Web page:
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Idaho State Historical Society to present Esto Perpetua awards

Dorothy Dahlgren of Coeur d’Alene,  Edith Farmer Leachman of Craigmont, the Talbott Family of Moscow, Frederick L. Walters of Cambridge, Kay Hardy and Gregory Kaslo of Boise, Maxine Racehorse-Edmo of Fort Hall, the Malad Valley Welsh Festival, the Bannock County Historical Society and Museum and Jim Hardee of Tetonia will be presented with the Idaho State Historical Society’s Esto Perpetua award during the Society’s annual awards celebration June 21 at the Old Idaho Penitentiary in Boise.

Named for the state motto which translates to “let it be perpetual,” the Esto Perpetua Awards began in 1999.

“Each recipient has demonstrated a truly exceptional level of achievement in their efforts to preserve a part of Idaho’s heritage,” said Janet Gallimore, ISHS executive director. “They represent a geographical balance, which clearly illustrates the widespread care that Idahoans share when it comes to our state’s historic preservation.”

Dahlgren has managed the Museum of North Idaho for 35 years. She has managed the publication of the Museum of North Idaho’s newsletter, cataloged more than 30,000 historic photographs, overseen membership and fundraising, and works closely with the museums volunteers.

Farmer Leachman has been a member and officer of the Ilo-Vollmer Historical Society for nearly 20 years. She has served as secretary, treasurer and has volunteered for all their events. Edith has updated more than 12,000 records and assists the public in genealogical research.

The Talbott family has been working to document the Latah County Historical Society’s collections, care for artifacts, restore its buildings and raise funds for the organization for as long as the historical society has existed.

Walters is a historical architect who has earned a national and regional reputation for his outstanding work in historical preservation. He is one of a few recognized architects of record in the northwest with the experience and expertise to work on National Historic Landmarks. His portfolio includes work on several buildings at Mt. Rainer National Park, the Oregon State Heritage site in John Day and the Coeur d’Alene Mission of the Sacred Heart at Cataldo.

Hardy and  Kaslo will receive a joint award for their noted work which includes the renovation of the Egyptian Theatre, the support of the “The Gathering Place” at the Botanical Garden, preservation of historic homes in the Vista neighborhood of Boise and are members of the Historical Preservation Council, Preservation Idaho and the Idaho State Historical Society. Hardy, her parents, Earl and LaVane, Kaslo and the Hardy Foundation have been visionaries and supporters for numerous historic projects of great cultural significance that have been conserved and preserved in the last four decades.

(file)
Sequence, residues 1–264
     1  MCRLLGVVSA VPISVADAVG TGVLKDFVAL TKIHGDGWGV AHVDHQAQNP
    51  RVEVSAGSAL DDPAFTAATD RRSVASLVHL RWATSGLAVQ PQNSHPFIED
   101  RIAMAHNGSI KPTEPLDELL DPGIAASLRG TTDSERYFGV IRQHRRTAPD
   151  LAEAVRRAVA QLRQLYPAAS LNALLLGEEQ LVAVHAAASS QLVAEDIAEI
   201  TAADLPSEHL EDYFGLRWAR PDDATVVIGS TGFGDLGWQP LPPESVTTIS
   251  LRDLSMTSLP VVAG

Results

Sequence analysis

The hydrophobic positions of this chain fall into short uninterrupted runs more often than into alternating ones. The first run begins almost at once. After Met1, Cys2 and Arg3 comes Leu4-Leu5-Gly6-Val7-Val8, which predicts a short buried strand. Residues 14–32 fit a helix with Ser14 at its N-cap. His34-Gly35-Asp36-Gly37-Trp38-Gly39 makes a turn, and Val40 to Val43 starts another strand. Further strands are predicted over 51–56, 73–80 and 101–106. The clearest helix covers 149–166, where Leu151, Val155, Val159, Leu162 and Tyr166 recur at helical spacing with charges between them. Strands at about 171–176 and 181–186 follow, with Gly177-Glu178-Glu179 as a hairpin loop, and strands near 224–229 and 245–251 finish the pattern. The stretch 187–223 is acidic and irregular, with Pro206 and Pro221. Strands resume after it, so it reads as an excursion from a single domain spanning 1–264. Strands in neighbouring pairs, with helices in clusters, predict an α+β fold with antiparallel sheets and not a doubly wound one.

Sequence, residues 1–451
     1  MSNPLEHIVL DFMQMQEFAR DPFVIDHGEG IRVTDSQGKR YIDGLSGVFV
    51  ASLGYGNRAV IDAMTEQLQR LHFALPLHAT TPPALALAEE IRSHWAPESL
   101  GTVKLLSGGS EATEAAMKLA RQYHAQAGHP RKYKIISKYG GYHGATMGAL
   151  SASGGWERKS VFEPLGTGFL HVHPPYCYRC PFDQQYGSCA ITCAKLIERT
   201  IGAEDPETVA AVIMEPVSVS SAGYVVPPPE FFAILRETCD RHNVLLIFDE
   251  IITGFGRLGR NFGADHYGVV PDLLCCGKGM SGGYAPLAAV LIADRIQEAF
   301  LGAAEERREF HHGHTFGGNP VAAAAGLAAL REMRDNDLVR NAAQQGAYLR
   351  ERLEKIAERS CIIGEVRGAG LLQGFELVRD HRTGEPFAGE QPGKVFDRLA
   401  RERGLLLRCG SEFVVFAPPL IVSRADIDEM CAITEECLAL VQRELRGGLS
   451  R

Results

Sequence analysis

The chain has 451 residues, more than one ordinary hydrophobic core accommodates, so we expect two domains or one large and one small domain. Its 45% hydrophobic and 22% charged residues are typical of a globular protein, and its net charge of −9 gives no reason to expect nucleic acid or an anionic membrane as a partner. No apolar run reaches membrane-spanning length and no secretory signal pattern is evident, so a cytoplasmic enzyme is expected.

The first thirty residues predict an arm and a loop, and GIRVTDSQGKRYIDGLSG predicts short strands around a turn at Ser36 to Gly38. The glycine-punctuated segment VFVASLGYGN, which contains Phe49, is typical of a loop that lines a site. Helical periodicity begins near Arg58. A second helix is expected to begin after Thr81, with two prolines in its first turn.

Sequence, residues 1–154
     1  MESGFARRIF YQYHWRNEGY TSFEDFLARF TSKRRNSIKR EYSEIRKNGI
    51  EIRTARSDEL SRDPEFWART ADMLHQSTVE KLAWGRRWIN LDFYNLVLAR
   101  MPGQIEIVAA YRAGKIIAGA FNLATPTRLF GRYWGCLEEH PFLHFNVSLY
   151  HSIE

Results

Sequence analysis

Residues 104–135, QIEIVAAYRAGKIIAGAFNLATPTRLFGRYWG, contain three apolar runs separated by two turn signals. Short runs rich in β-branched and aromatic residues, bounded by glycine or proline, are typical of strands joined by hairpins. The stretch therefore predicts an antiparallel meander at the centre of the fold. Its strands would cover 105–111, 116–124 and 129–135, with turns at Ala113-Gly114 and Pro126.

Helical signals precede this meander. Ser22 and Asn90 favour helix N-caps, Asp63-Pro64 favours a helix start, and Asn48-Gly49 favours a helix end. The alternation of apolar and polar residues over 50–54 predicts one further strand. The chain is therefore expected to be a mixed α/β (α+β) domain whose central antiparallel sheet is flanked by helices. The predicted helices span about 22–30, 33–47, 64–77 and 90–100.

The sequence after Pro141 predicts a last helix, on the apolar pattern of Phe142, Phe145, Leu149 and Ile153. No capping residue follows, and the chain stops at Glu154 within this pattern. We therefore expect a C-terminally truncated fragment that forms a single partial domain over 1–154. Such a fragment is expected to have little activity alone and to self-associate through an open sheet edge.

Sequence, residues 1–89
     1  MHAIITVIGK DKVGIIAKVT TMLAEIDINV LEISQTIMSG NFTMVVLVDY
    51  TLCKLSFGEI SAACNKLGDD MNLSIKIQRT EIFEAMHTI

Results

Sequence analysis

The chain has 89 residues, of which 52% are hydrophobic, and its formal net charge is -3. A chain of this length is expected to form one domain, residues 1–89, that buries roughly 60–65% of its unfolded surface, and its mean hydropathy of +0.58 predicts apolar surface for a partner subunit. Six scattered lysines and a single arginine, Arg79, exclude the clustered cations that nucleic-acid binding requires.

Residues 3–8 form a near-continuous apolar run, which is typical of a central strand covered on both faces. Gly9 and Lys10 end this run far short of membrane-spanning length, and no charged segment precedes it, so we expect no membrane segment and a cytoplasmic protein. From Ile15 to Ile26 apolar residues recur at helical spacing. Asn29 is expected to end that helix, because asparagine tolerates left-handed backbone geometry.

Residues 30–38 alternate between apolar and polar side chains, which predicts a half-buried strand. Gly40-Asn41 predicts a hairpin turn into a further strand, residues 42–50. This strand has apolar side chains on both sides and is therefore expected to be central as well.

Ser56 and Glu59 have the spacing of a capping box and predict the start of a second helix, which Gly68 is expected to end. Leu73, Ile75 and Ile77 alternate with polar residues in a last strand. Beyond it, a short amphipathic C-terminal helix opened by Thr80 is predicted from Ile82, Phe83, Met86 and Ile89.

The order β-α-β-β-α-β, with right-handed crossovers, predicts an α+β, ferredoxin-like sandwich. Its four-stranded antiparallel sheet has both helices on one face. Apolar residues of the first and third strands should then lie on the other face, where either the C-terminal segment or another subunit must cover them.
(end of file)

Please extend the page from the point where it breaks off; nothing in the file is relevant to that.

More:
Racehorse-Edmo is a Shoshone-Bannock tribal elder. She will be honored for her service and dedication in promoting academics, bilingualism, and cultural enrichment. Maxine has held several positions within her tribal community as well as state and federal positions.

Malad City has united residents and others, with an interest in learning about their heritage and the history of the area, at the city’s Malad Valley Welsh Festival. The first festival was held in July 2005.

The Bannock County Historical Society and Museum will receive this award for successfully preserving Bannock County’s history. In 1922, community members established the BCHS to bring together people interested the history of Bannock County and Eastern Idaho; for the preservation of historical objects, documents, photographs and the dissemination of historical information. From 1922 to today, the members of the society and the museum have taken their mission to heart and continually enrich the community with history themed activities, lectures, programs, and artifacts.

Since 1977, Hardee, as director of the Fur Trade Research Center and editor/member of the editorial board of The Rocky Mountain Fur Trade Journal, has been actively publishing and promoting public interest in the first four decades of Idaho’s history. His first published article in 1989 on the trapper Hugh Glass has recently been reenacted in the Hollywood film The Revenant.  Hardee speaks at the annual meeting of the Montana Historical Society and continues to direct the Fur Trade Research Center. Hardee’s outreach activities include; developing historic websites, collaborating with the re-enactment community, and public presentations to a range of audiences including rotary, senior citizens groups, and local rendezvous enthusiasts.

Tickets to the awards ceremony and reception are $20 and reservations must be made by June 15. For information and tickets call (208) 334-2682 or toll free (877) OLD-GEMS. Online ordering is available at

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